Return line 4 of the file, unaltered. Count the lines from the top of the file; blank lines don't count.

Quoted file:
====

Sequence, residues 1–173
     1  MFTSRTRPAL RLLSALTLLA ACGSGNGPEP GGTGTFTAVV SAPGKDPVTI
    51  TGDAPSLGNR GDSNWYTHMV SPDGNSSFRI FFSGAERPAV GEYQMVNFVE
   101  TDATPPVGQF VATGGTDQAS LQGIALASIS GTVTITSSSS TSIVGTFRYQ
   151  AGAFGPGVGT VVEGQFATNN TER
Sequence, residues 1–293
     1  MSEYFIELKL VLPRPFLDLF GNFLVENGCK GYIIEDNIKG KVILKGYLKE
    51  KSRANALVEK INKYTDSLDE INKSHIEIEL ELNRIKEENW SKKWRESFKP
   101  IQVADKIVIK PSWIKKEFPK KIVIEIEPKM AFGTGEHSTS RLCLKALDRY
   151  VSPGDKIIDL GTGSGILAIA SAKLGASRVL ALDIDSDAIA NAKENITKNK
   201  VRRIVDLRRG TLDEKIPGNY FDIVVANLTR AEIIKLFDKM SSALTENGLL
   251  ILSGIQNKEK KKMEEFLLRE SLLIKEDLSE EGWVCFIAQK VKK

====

   101  TDATPPVGQF VATGGTDQAS LQGIALASIS GTVTITSSSS TSIVGTFRYQ